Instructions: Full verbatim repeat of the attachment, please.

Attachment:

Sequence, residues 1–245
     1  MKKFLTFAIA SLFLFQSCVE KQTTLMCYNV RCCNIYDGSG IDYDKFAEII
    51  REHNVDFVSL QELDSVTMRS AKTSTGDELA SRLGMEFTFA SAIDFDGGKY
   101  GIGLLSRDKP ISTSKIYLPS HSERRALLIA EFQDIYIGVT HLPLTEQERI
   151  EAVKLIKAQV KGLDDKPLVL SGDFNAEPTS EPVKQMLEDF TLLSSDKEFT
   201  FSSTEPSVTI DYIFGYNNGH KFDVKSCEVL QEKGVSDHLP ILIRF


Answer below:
Sequence, residues 1–245
     1  MKKFLTFAIA SLFLFQSCVE KQTTLMCYNV RCCNIYDGSG IDYDKFAEII
    51  REHNVDFVSL QELDSVTMRS AKTSTGDELA SRLGMEFTFA SAIDFDGGKY
   101  GIGLLSRDKP ISTSKIYLPS HSERRALLIA EFQDIYIGVT HLPLTEQERI
   151  EAVKLIKAQV KGLDDKPLVL SGDFNAEPTS EPVKQMLEDF TLLSSDKEFT
   201  FSSTEPSVTI DYIFGYNNGH KFDVKSCEVL QEKGVSDHLP ILIRF